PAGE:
Rheumatoid arthritis (RA) is an autoimmune disorder that in addition to pain can be associated with deformed joints and disability. Early treatment after rheumatoid arthritis diagnosis can reduce the severity of symptoms and complications.
Drug treatments along with lifestyle changes are necessary to control this autoimmune disorder. In this article, we introduce the safest drugs to treat rheumatoid arthritis.
Rheumatoid arthritis is incurable, but a set of appropriate and early treatments will prevent the progression of symptoms and reduce severe damage and deformity of the joints.
What you will read next:
What are the treatment options for rheumatoid arthritis?
- Lifestyle changes
- Effective drugs in the control and treatment of rheumatoid arthritis
- Effective surgeries in patients with rheumatoid arthritis
Medications in the treatment of rheumatoid arthritis:
Medications have a special place in controlling the inflammation caused by the disease and joint pain. Consultation with a rheumatologist is necessary to determine the appropriate medication program.
In the early stages of rheumatoid arthritis, symptom control begins with anti-inflammatory and analgesic drugs.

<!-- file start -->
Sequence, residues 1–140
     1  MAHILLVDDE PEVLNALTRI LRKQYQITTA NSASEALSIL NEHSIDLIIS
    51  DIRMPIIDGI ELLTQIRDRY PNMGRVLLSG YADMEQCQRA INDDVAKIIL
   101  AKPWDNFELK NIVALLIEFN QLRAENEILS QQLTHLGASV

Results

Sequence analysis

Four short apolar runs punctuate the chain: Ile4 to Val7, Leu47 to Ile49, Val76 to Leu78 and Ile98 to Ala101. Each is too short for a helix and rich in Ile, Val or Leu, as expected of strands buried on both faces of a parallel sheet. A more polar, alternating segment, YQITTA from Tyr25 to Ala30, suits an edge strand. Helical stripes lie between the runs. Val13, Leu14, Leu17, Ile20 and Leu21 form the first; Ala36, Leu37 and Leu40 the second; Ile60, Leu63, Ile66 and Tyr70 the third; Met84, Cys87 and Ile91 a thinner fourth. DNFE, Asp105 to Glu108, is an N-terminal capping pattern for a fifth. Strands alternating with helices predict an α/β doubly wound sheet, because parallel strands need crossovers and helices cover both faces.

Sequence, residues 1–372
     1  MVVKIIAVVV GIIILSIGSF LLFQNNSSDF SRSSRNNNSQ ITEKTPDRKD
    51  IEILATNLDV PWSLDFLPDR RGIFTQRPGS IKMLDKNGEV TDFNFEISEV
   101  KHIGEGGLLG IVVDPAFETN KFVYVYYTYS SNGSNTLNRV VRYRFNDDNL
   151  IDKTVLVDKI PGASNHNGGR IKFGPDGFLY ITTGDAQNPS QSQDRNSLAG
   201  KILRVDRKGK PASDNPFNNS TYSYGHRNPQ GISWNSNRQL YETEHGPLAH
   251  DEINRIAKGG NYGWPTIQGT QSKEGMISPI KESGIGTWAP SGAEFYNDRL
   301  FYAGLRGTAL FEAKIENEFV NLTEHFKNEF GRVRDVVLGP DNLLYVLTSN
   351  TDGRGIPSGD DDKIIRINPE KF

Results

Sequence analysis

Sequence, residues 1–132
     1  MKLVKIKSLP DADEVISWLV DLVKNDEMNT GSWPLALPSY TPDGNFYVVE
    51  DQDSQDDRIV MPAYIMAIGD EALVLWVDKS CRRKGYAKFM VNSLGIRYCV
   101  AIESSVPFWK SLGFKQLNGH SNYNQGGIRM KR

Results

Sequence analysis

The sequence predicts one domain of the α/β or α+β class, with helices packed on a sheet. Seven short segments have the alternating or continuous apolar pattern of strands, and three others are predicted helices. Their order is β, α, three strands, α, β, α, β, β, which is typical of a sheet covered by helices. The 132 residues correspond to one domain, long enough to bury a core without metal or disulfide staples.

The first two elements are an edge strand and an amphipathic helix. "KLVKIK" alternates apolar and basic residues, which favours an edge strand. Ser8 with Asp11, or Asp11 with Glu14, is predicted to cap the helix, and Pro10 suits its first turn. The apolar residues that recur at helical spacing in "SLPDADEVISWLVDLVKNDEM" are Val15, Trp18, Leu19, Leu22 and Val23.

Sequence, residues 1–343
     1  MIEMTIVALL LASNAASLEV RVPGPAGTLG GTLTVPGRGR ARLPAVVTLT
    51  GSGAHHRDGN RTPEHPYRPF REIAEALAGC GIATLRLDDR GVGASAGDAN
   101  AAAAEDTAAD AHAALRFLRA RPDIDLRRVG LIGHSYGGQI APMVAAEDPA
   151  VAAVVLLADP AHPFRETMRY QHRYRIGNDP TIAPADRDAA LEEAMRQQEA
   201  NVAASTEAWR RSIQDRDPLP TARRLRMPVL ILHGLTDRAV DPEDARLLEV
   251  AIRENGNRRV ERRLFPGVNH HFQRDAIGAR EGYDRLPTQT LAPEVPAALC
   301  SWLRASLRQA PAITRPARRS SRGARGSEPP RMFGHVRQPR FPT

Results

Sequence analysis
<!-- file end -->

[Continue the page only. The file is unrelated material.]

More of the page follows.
In the advanced stages, when the symptoms are severe and the pain is debilitating, stronger drugs are needed to suppress the immune system’s reactions, which unfortunately have unpleasant side effects.
Medications used in rheumatoid arthritis:
Drugs used in rheumatoid arthritis include:
Nonsteroidal anti-inflammatory drugs (NSAIDs) such as ibuprofen (Advil or Morrtin IB) and naproxen (Aleve) are dispensed over-the-counter in pharmacies to reduce inflammation and control pain. More potent drugs in this category should be prescribed by a doctor.
Side effects of NSAIDs:
Side effects of these drugs are include the following:
- Increased heart problems
- Increased kidney problems
- Gastrointestinal injuries, ulcers and bleeding
The use of different types of this class of drugs is safer, such as Celexib or Celecoxib or Celebrex.
- Steroids, corticosteroids:
Another class of drugs that reduce inflammation are corticosteroids, which help reduce inflammation by suppressing the destructive activity of the immune system. Prednisone, prednisolone and methylprednisolone are some of the types of drugs that are associated with many side effects:
- Swelling of the legs
- Weight Gain
- Decreased body defenses against infections (increased incidence of opportunistic infections)
- Decreased bone strength
- Doctors usually use the following method to reduce the side effects of this group of complicated drugs:
Corticosteroids are used for a very short time and only to reduce the severity of symptoms. Then as the severity of symptoms reduced, corticosteroids are discontinued and safer drugs with less side effects, such as ibuprofen are replaced.
Disease-modifying antirheumatic drugs:
A variety of drugs in this class slow down the progression of rheumatoid arthritis by stopping the destructive activities of the immune system, The use of drugs in this category prevents the destruction of joints and prevents the deformity of the joints, reducing the pain of these drugs is not as fast as NSAIDs, but as they continue to be used, the pain decreases day by day.